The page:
I love this book. I have listened to the audio version of We Are Never Meeting In Real Life and Irby’s previous memoir, Meaty, at least three times each. Like Jenny Lawson’s Let’s Pretend This Never Happened (which I also re-read this year), I have large chunks memorized but I keep returning to it. Irby’s sense of humor and her voice (it’s this weird combination of rasp and Valley Girl and I could listen to it all day) are a perfect combination.
“You know, what I really need is someone who remembers to rotate this meaty pre-corpse toward the sun every couple of days and tries to get me to stop spending my money like a goddamn NBA lottery pick.”
I’m cheating and reviewing these two together because I can’t quite remember which essays go to which memoir. But here are a few of my favorite subjects that she covers.
Love — the fantastic thing about Irby’s writing is that while it’s super funny and caustic, it’s also really deep and painful. She talks about a lot of different types of love in her memoirs. One relationship, in which she became deeply involved with a wonderful guy, ended because she can’t have children and he desperately wanted them. She talks about how that feels — being so compatible and in love but unable to physically do the one thing he wanted. Other men have treated her like shit — cheating on her, hiding her from their friends, disappearing for weeks at a time.
“But no, I came by these feelings honestly. And I don’t accept bitter. Wounded, yes. Traumatized, sure. Grieving, okay. Anything other than bitter. I put too much work in to be callously tossed aside as bitter. Bitter is for someone who hasn’t earned it.”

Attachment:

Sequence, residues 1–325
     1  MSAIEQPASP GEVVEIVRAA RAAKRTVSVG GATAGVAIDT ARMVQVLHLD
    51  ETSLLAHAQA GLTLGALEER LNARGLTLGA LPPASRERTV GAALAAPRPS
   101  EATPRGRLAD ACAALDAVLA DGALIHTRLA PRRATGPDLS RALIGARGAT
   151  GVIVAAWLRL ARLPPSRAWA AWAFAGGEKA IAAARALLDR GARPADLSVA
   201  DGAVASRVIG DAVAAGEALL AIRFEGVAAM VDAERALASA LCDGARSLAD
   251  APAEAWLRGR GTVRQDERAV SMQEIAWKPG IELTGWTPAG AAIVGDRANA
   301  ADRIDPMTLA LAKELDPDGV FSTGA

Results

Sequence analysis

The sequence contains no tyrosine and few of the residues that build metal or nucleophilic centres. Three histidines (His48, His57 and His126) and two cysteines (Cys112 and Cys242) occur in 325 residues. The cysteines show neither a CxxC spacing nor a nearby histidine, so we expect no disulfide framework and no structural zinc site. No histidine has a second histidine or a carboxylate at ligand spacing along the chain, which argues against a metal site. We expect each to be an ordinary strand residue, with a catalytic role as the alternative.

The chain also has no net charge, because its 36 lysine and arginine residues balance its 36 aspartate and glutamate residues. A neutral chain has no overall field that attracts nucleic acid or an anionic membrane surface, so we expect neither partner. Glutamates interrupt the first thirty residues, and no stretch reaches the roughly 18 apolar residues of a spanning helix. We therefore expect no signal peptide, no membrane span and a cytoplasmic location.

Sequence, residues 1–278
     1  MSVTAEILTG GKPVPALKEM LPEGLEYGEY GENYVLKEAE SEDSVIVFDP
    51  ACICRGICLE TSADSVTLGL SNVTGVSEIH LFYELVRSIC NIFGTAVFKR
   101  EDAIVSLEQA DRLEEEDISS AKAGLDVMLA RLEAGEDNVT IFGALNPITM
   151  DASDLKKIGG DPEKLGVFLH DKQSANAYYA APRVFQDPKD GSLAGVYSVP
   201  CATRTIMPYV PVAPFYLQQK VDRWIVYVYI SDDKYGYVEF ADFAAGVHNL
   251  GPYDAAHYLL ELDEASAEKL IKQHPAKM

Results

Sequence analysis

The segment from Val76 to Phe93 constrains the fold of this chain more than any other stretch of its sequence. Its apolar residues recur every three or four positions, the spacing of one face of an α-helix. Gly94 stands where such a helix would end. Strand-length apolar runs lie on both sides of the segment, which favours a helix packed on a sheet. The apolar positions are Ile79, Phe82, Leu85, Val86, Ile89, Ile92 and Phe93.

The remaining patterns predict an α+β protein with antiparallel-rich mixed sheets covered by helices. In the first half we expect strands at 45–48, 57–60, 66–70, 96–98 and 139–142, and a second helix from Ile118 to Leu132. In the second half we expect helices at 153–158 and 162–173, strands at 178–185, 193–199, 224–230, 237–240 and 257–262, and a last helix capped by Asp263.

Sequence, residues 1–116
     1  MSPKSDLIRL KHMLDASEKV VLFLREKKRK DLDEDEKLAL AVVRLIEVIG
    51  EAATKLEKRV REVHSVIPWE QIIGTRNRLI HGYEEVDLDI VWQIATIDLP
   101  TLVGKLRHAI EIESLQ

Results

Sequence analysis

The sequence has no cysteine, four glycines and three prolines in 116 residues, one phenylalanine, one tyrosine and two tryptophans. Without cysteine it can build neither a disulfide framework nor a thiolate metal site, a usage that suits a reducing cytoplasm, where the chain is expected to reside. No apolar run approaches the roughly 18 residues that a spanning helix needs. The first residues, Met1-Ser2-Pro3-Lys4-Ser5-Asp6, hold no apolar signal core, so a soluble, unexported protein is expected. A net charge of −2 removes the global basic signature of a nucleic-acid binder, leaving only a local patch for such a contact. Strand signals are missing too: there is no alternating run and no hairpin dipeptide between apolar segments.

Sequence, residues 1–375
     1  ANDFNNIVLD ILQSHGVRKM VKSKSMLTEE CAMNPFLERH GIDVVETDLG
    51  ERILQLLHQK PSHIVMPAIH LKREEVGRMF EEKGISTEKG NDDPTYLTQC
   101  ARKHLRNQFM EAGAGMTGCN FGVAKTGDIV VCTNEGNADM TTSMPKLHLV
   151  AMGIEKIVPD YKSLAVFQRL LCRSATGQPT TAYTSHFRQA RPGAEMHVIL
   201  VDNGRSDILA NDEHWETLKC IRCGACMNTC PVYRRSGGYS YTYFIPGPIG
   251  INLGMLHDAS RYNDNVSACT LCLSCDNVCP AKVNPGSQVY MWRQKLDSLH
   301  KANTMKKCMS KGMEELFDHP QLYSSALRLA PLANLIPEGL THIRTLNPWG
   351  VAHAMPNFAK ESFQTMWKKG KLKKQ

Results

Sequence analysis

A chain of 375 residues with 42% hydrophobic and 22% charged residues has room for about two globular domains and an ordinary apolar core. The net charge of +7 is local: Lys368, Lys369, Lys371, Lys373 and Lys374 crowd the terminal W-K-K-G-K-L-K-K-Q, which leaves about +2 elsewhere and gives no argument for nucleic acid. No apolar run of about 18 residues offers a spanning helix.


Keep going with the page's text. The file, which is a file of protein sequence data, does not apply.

And then she talks at length about her relationship with her girlfriend, a woman she met on twitter and ended up falling in love with, despite their VERY different lifestyles.
Irby suffers from a lot of physical ailments, including Crohn’s and arthritis. She applies her dark humor here, talking about her unpredictable GI system and her trouble doing some physical tasks. The story about what Nutrisystem does to her gastrointestinal system had me laughing out loud. These physical limitations also interfere in her sex life, which definitely contributes to that hilarity.
Oh, and then there’s her family. Irby was raised by much older parents — an abusive father and a very, very ill mother. Her essays about her mother, one in which she refers to her as “my baby” and talks about all the care she gave her, are heart-wrenching. Her father is horrible, stepping in and out of her life, looking for money and leaving destruction in his wake. It’s amazing she survived her childhood, and she speaks candidly about the many ways in which her upbringing (or lack thereof) has affected her.
“Fuck a budget. I grew up poor and now I have money, so I’m going to spend it on Chanel nail polishes. I don’t know how you can possibly have joy in your life when you do shit like “balance your checkbook” or “pay your minimum balance on time,” and if doing those awful-sounding things means I can’t see four movies in one weekend, then I don’t ever want to do them.”
One of my favorite things about her writing, however, is she and I actually had the same job for a VERY long time. I worked as a receptionist in an animal hospital for over 10 years, and Irby held the same position for the majority of the time she was writing. I know that’s kind of a niche role, but the insanity that job sometimes brings is unbelievable and I love that it appears to be the same everywhere. She also writes a lot about her horrible cat, Helen Keller, and anthropomorphizes her as an evil demon (which most cats are, tbh). It’s funny and wicked and then the cat dies and that part is very sad.